Last month, I blogged about how to better communicate with and listen to a spouse that has a very different communication style. But there’s another aspect of communication that might make or break the health of a relationship between two people. Healthy communication exists best when spouses are both developing the skill of an assertive communication style.
Healthy communication exists best when spouses are both developing the skill of an assertive communication style.
Communication experts generally agree that we all gravitate towards one of four communication styles when we interact with another person:
This spouse tends to clam up, withdraw, and do all they can to avoid any confrontation. This can often lead to stress, anger, resentment, and bitterness in the passive person. For example, if finances are getting tight and stressful, the passive person will likely avoid the subject, change the subject, or overlook the subject, even when they see that a financial disaster is approaching.
This spouse tends to attack, control, and provoke others. This tends to raise everyone’s stress levels, creating an atmosphere of fear and confrontation that seems, over time, to be insurmountable. And if unchecked, the aggressive person can become dangerous and destructive. In our earlier example, the aggressive spouse would see the financial stress and lash out at the family, blaming others, creating fear of financial ruin.
This spouse tends to turn agitation, anger, and frustration into a more confusing reaction by dealing with it very indirectly. Often the passive-aggressive person will respond with more subtlety or hints, while acting like nothing is wrong. They will pretend not to notice how something they did was troubling or pretend that any offense they’ve caused is more due to someone else’s problem than theirs. They’re real feelings will be masked by conflicting attitudes and actions. Continuing the example of the financial problems, the passive-aggressive spouse, instead of addressing bad spending habits or overdue bills directly, would drop hints of frustration or unexpected snarky comments about purchases or payments, without being direct about what needs to be done to improve the situation.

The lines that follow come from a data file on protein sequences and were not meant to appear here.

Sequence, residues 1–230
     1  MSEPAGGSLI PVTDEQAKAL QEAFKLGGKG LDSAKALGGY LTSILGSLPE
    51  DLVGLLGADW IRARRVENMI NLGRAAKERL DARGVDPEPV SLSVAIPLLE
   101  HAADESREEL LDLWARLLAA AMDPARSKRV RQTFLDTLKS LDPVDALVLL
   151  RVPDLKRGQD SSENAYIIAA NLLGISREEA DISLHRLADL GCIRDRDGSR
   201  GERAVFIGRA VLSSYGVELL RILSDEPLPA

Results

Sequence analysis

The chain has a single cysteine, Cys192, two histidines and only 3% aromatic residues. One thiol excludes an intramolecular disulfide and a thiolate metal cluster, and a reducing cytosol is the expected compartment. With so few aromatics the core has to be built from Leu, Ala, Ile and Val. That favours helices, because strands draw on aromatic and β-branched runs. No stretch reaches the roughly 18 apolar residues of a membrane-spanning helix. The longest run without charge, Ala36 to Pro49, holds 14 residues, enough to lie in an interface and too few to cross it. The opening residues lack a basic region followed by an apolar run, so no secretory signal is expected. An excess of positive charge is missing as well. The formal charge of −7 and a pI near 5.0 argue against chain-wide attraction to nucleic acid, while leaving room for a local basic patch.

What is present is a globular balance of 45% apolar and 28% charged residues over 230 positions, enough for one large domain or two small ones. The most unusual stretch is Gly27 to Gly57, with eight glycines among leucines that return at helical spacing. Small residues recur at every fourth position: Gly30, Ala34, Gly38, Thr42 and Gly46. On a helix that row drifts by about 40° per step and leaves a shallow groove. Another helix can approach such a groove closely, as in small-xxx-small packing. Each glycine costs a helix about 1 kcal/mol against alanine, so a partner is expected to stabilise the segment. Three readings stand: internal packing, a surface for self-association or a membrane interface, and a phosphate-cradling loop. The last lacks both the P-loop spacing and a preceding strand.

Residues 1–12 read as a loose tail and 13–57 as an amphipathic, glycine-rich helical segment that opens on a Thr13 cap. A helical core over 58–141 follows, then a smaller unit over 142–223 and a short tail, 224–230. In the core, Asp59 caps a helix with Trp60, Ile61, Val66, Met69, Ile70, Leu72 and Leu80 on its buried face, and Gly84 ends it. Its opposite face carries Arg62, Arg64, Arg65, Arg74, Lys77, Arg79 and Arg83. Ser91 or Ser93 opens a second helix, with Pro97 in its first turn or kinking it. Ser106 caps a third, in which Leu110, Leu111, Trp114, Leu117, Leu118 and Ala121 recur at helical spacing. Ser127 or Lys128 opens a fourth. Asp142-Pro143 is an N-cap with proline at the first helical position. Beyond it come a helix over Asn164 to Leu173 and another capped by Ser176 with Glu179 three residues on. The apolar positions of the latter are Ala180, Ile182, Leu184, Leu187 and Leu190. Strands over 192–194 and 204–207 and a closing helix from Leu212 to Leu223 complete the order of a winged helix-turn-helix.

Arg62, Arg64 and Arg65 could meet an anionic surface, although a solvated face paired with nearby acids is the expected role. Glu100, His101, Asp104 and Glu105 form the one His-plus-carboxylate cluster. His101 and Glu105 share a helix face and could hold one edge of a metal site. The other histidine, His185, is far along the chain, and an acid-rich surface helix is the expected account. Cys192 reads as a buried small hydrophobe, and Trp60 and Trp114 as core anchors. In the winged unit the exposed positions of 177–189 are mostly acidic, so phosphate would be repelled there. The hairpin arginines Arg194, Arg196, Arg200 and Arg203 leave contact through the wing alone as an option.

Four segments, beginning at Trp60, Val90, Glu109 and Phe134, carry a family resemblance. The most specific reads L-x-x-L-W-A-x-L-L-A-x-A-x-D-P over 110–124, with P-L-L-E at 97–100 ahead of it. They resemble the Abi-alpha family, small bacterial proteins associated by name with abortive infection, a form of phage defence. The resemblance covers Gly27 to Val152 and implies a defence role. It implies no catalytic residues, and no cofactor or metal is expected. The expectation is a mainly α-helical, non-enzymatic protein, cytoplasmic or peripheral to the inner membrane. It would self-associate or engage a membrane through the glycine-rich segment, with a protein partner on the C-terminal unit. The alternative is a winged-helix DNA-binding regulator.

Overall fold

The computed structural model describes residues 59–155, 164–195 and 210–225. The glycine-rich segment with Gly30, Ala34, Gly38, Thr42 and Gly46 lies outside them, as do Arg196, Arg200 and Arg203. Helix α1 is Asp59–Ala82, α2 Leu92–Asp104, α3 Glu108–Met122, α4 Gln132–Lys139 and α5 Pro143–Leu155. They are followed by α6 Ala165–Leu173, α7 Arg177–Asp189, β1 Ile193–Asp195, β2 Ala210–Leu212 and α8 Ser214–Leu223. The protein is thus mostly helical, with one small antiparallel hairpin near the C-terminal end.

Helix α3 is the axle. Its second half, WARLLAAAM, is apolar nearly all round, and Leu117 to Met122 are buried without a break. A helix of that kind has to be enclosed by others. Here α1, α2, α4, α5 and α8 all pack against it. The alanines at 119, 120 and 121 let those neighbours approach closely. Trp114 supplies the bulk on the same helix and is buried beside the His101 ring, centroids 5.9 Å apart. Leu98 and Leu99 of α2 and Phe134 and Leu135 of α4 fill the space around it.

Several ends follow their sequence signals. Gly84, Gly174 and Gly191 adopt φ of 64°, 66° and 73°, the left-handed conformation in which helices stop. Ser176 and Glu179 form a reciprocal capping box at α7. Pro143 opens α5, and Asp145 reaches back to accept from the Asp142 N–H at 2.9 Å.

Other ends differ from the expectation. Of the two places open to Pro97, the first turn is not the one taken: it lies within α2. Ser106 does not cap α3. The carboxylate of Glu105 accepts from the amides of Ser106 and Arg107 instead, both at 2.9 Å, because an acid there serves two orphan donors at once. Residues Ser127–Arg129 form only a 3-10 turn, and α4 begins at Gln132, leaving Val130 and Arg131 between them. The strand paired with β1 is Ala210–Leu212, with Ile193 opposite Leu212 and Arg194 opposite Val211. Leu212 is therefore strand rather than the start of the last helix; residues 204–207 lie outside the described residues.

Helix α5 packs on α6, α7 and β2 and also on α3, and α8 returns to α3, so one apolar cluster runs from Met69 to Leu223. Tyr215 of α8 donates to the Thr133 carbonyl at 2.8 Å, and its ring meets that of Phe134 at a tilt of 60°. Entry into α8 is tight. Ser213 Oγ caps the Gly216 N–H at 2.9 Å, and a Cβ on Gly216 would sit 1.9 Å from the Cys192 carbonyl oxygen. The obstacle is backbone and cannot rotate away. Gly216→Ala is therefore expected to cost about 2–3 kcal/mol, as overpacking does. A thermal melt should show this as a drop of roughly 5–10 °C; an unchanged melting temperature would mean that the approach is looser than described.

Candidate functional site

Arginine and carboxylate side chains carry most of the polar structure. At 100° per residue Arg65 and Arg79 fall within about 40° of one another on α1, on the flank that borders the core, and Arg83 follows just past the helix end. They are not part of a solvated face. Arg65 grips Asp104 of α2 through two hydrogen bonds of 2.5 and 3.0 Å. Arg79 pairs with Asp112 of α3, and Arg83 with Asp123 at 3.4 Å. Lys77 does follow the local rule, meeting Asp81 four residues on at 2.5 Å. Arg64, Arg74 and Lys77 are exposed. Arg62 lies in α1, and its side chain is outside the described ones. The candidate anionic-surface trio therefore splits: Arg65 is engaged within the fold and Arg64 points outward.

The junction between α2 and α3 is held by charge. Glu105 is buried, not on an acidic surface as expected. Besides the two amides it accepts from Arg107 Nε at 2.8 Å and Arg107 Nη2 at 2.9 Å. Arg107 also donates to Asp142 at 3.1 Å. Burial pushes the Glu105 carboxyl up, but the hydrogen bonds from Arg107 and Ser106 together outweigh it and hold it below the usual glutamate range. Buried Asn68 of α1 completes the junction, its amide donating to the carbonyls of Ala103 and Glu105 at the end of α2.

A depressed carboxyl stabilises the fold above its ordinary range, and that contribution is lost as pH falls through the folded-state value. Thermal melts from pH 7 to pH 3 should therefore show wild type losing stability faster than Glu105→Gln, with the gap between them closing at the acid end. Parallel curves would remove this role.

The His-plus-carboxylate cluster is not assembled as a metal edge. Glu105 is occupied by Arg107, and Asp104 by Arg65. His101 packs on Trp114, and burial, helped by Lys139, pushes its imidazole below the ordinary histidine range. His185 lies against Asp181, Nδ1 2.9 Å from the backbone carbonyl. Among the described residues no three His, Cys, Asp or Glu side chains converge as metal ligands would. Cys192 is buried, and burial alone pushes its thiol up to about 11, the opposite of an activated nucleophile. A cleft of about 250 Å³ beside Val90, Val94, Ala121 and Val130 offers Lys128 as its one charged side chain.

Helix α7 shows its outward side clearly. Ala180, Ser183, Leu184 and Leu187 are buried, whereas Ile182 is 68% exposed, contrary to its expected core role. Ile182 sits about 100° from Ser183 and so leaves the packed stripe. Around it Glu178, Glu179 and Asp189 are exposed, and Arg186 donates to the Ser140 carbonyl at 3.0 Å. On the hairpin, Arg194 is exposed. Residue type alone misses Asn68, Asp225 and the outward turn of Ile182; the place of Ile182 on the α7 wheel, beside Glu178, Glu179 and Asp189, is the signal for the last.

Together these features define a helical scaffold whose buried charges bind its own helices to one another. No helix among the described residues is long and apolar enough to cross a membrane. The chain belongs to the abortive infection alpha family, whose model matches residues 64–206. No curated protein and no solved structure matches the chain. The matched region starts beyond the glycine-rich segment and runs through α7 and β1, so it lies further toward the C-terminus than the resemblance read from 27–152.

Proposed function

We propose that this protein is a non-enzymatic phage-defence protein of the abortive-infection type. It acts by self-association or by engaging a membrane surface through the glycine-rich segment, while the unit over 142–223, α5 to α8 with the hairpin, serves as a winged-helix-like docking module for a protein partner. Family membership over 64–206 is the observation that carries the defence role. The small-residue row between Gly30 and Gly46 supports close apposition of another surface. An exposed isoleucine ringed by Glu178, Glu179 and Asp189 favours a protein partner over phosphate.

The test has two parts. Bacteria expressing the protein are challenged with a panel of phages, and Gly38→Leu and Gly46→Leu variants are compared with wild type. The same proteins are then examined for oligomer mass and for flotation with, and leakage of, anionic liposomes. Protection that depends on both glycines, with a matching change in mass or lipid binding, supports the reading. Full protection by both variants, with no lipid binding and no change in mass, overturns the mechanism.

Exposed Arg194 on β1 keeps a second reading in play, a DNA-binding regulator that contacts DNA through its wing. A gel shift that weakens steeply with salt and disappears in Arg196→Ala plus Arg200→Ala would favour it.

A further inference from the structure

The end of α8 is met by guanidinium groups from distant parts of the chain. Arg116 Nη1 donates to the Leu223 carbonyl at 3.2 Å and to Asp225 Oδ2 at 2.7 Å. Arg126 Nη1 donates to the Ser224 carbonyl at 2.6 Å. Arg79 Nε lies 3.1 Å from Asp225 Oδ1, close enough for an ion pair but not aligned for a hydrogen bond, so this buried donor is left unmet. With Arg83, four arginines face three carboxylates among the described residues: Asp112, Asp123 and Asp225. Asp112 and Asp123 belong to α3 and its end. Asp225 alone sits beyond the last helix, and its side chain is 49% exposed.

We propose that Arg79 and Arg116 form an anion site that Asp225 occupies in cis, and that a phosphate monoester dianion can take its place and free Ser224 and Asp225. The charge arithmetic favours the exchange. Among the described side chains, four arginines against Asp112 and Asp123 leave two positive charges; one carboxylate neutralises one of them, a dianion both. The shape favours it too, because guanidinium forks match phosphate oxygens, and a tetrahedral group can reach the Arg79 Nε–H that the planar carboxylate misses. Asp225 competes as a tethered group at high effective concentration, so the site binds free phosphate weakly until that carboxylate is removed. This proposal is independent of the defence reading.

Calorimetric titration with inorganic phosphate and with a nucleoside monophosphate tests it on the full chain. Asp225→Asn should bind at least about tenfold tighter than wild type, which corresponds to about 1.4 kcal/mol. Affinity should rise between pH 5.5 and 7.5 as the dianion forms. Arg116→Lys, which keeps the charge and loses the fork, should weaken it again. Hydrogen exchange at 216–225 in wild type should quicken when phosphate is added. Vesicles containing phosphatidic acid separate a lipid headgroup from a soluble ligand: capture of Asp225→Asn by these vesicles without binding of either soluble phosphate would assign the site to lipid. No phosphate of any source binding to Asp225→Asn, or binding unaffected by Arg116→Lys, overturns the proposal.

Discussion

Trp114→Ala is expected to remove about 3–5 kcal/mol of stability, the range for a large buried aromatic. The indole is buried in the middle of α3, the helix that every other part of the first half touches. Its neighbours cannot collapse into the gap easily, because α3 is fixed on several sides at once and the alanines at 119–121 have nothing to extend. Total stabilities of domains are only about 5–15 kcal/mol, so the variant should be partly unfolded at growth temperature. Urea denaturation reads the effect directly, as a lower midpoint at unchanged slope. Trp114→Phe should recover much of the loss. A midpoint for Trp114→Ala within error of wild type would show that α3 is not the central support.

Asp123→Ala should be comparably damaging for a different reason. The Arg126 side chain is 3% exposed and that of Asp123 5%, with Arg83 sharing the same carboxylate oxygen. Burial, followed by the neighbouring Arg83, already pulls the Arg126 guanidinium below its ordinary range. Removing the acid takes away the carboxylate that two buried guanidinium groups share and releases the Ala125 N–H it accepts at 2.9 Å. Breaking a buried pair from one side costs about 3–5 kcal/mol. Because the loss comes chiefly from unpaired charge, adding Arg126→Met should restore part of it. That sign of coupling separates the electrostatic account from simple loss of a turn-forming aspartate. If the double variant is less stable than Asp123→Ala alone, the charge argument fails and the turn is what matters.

This spouse achieves a much healthier result than the others by starting with a clear understanding of what they feel, what they think, and what they want. The assertive person deals directly, honestly, and most importantly, respectfully with others about what they are thinking and feeling. To finish our example, the assertive spouse would identify the real financial issue, and directly and honestly address the issue, without being angry or demeaning or confusing to the other spouse. They would accept responsibility for any part they played and would then offer some clear solutions and say something like, “We need to make some changes, and we need to work together to get through this. Here is what I would suggest…” would be a typical type of response from a healthy, assertive person.
For much of my life, I was a more aggressive communicator, and it was not always appreciated by others, especially my wife, Susan. But I’ve worked hard over the years to be more of an assertive communicator, and it really is a much better form of communication and Susan appreciates it so much more!
Which type of communicator are you? How about your spouse? Please share in the comments section below.